PDI Founder, Elliot Omose Offers Recipe For Improvement of Public Healthcare Delivery In Africa
The Chairman and Chief Executive Officer of Elkris Group, Dr. Elliott Scott Omose, has observed that public healthcare management in most African countries remained poor and ineffective due to the faulty service delivery model and structure that governments and decision makers adopt.
Dr. Omose, who is also the Founder of PreDiagnosis International, an innovative public healthcare management non-profit organisation with footholds in Nigeria, Sierra Leone, Gambia and a few other African Countries, disclosed this during a chat with journalists in Lagos, Nigeria over the weekend.
He said for the teeming poor and vulnerable population in the continent to really enjoy accessible public healthcare, the current structural loophole with universal health coverage in Africa with the glaring absence of Basic, Accessible and Affordable (BAA) healthcare at primary level must be fixed.
Omose said Africa remained poor in terms of provision of Universal health coverage which, according to the United Nations, “means that all people have access to the full range of quality health services they need, when they need them and where they need them, without incurring financial hardship”.
He further reminded the continent’s leaders and governments that, “The United Nations General Assembly High Level Meeting on Universal Health Coverage in 2019 strongly restated that Health is a precondition, outcome and indicator for social, economic and environmental dimensions of UN’s 2030 sustainable development goal”.
“In Africa today, primary healthcare is non-existent as soon as you start to move away from the capital cities because research across the continent reveals an unhealthy pattern whereby pharmacies and local drugs stores have been adopted as grassroots (primary) healthcare point by close to 70% of the vulnerable population in the continent.
“In rural Africa, a patient may never get to see or sit before a doctor more than five times in his or her life-time. And that is usually as a result of some intervention outreach by an NGO. For the rest of their lives, they are left at the mercy of pharmacy attendants and quacks as the only alternative to a GP,” he noted.
Continuing, Dr. Omose stated that, “Across the continent, the general hospitals and teaching hospitals are continually overwhelmed because most of the available qualified doctors are concentrated in urban cities and towns while the rural areas have next to nothing, thereby leaving room for self-medication and also for quacks and other unqualified hands to tend citizens’ health needs in the rural, hard to reach areas.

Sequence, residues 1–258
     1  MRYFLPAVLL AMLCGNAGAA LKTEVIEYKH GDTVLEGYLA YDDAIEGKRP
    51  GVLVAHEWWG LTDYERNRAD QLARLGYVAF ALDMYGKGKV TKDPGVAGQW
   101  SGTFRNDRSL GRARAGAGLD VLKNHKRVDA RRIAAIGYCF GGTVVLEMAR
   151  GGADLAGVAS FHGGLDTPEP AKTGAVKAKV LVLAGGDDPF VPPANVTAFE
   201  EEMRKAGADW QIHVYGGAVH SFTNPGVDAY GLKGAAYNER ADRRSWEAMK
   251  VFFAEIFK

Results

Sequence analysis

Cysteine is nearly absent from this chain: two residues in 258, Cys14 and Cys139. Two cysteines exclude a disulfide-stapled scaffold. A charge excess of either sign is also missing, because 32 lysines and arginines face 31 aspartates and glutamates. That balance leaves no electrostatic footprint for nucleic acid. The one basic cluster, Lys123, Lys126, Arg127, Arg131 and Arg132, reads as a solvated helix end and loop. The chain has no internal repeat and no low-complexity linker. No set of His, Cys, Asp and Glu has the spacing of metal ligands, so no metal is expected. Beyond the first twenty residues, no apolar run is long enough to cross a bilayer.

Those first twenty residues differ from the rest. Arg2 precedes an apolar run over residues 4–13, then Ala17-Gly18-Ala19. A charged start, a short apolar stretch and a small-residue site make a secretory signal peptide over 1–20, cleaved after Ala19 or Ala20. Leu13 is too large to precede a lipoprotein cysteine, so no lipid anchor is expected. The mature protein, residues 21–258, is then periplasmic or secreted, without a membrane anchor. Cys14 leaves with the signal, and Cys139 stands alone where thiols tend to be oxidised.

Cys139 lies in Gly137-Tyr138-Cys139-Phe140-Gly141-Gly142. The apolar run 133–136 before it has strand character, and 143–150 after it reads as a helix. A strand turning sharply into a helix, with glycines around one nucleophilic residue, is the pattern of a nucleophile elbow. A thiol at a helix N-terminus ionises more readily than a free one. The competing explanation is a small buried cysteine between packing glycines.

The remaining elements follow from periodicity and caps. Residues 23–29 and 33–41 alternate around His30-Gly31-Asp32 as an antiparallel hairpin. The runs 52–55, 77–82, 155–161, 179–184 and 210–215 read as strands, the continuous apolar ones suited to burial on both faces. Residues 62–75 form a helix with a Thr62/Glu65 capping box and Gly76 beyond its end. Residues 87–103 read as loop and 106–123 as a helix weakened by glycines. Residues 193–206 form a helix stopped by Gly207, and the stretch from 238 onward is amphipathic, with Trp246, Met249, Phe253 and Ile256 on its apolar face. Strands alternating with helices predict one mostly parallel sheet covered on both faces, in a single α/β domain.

“So, most Public Health Centres, especially in rural areas, rot away due to lack of capable personnel to man them. Moreover, before the vulnerable class make it to those facilities because of the huge infrastructure deficit, majority of their cases are already beyond help”.
He therefore called on governments across the continent to re-envision primary healthcare management approach in order for citizens to derive maximum expected value from the resources and funds expended annually on provision of primary healthcare.
“There is an urgent need to embrace a more innovative model of primary health delivery with grassroots-focused universal health coverage structure that is customized to suit the peculiarities of the African terrain. Only this way can we begin to show seriousness in the attempt to try to bridge the terribly widening gap between the teaming vulnerable population and access to affordable basic (primary) healthcare”
Restating his readiness to assist, Dr. Omose submitted that PDI has developed and put to work a workable model for Essential Health Services which offers subsidized, affordable and accessible basic universal health coverage for rural and hard to reach areas of Africa.
“As part of our contributions to help our continent overcome this unacceptable situation we find ourselves currently, in 2020, we introduced, in Nigeria, the PDI Basic Universal Healthcare model which has the ‘PDI 25-point Early Detection System’ as its strategic core. Early this year, we also introduced in Sierra Leone the PDI blue-print for a nationwide Basic (Primary) Healthcare Initiative which goes under the name of Community Basic (Primary) Healthcare Clinic– CBHC.
“For the first time, the PDI Basic Universal Healthcare Model guarantees that the vulnerable African population can have full access to proper one-on-one doctor consultation services by way of a hybrid platform that ensures doctor’s appointment, twenty-four-seven doctor hotline, community mobile clinic, community health hub, free prescription services and other services all year round, twenty-four-seven, all for less than $15 a month, which is less than 30% of actual cost for the concierge personal health management services.
“We are therefore showing that with considerably very little financial outlay, Africa could do a lot more in managing the day-to-day personal basic healthcare needs of the vulnerable population,” he submitted.